The procedures for producing a film from the cellulose acylate solution are described below. The cellulose acylate film of the invention can be prepared by the method and apparatus conventionally used for preparation of cellulose acetate films according to the solvent cast method. For example, first the dope (cellulose acylate solution) prepared in a dissolving tank (pot) is introduced into a stock tank, in which the dope is defoamed and finally prepared. The thus treated dope is then sent from an outlet to a pressure die through a quantitative gear pump of pressing type, which can quantitatively send the dope very preciously, for example, according to rotation of the gear. From a slit of the pressure die, the dope is evenly cast on a metal support running endlessly. When the endless support once rotates and a predetermined peeling point is seen, the insufficiently dried dope film (which is referred to as “web”) is peeled from the support. While both sides of the web are fixed with clips to keep the width, the web is transferred and dried with a tenter. The web is then successively dried and transferred with rollers of a drying means to complete drying, and wound up by a winder in a predetermined length. The combination of the tenter and the rollers of drying means is properly selected according to use of the film. For example, in the case where the film used for a silver halide photographic material or for a protective film of electric display is prepared by the solvent cast method, not only the above solvent cast apparatus but also a coating means for providing auxiliary layers such as an undercoating layer, an antistatic layer, an anti-halation layer and a protective layer is often used.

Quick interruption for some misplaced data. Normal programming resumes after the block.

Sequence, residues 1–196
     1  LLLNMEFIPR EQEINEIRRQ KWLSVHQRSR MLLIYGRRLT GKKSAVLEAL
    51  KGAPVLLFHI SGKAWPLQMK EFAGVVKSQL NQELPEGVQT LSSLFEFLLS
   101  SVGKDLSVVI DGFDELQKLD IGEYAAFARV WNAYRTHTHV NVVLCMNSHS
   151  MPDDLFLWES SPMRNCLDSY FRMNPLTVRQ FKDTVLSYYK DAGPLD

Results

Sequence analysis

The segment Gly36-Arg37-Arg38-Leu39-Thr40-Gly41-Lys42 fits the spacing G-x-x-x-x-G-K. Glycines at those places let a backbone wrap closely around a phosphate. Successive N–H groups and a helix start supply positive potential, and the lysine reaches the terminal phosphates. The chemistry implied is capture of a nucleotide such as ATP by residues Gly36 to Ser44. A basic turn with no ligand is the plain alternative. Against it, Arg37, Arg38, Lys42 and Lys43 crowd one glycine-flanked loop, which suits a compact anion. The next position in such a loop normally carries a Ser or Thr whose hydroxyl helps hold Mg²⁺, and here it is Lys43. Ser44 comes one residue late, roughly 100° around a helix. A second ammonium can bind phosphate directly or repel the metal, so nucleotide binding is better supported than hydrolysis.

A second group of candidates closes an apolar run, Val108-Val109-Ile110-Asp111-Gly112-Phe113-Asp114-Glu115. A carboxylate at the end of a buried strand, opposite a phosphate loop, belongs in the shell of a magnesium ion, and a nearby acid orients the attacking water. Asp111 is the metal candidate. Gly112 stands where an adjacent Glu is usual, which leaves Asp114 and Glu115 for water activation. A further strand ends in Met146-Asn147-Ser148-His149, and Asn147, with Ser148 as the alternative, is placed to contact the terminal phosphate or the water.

The prepared cellulose acylate solution is cast on a smooth band or drum of metal support. Two or more cellulose acylate solutions are successively or cooperatively cast (co-cast) to form two or more layers. For example, two or more outlets are arranged at intervals along the running direction of the metal support, and from each outlet each cellulose acylate solution is cast to form a layered film. This procedure is, for example, described in Japanese Patent Provisional Publication No. 11(1999)-198285. Otherwise, cellulose acylate solutions can be cast from two outlets to form a film. This procedure is, for example, described in Japanese Patent Provisional Publication No. 6(1994)-134933. Further, the process disclosed in Japanese Patent Provisional publication No. 56(1981)-162617 can be adopted. In that process, a flow of high-viscous cellulose acylate solution is enclosed with a flow of low-viscous one to form a layered flow, and the high- and low-viscous solutions in the layered flow is simultaneously extruded to produce a film. Through the cooperative casting (co-casting) process, the surface of the film is dried to be smooth and consequently the resultant film has a considerably improved surface. The thickness of each layer formed by co-casting is not particularly restricted, but preferably the outer layers are thinner than inner layers. The outer layer has a thickness of preferably 1 to 50 μm, more preferably 1 to 30 μm. Here, the term “outer layer” means a layer not facing the band (or drum) in a two-layered film, or the top or bottom layer in a three- or more-layered film. The term “inner layer” means a layer facing the band (or drum) in a two-layered film, or the layer positioned inside in a three- or more-layered film.